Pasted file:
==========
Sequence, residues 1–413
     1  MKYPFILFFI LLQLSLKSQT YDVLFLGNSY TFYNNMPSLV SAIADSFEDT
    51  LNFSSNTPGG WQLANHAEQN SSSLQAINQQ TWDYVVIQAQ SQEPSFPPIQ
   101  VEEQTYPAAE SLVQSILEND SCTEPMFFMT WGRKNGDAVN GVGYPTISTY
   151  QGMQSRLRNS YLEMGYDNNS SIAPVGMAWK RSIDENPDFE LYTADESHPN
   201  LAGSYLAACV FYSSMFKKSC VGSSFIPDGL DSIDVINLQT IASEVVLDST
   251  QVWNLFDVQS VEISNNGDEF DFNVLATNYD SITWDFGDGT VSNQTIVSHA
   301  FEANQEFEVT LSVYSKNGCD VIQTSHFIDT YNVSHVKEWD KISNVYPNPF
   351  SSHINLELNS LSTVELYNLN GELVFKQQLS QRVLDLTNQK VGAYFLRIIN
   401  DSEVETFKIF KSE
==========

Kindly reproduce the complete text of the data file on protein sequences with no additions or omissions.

Sequence, residues 1–413
     1  MKYPFILFFI LLQLSLKSQT YDVLFLGNSY TFYNNMPSLV SAIADSFEDT
    51  LNFSSNTPGG WQLANHAEQN SSSLQAINQQ TWDYVVIQAQ SQEPSFPPIQ
   101  VEEQTYPAAE SLVQSILEND SCTEPMFFMT WGRKNGDAVN GVGYPTISTY
   151  QGMQSRLRNS YLEMGYDNNS SIAPVGMAWK RSIDENPDFE LYTADESHPN
   201  LAGSYLAACV FYSSMFKKSC VGSSFIPDGL DSIDVINLQT IASEVVLDST
   251  QVWNLFDVQS VEISNNGDEF DFNVLATNYD SITWDFGDGT VSNQTIVSHA
   301  FEANQEFEVT LSVYSKNGCD VIQTSHFIDT YNVSHVKEWD KISNVYPNPF
   351  SSHINLELNS LSTVELYNLN GELVFKQQLS QRVLDLTNQK VGAYFLRIIN
   401  DSEVETFKIF KSE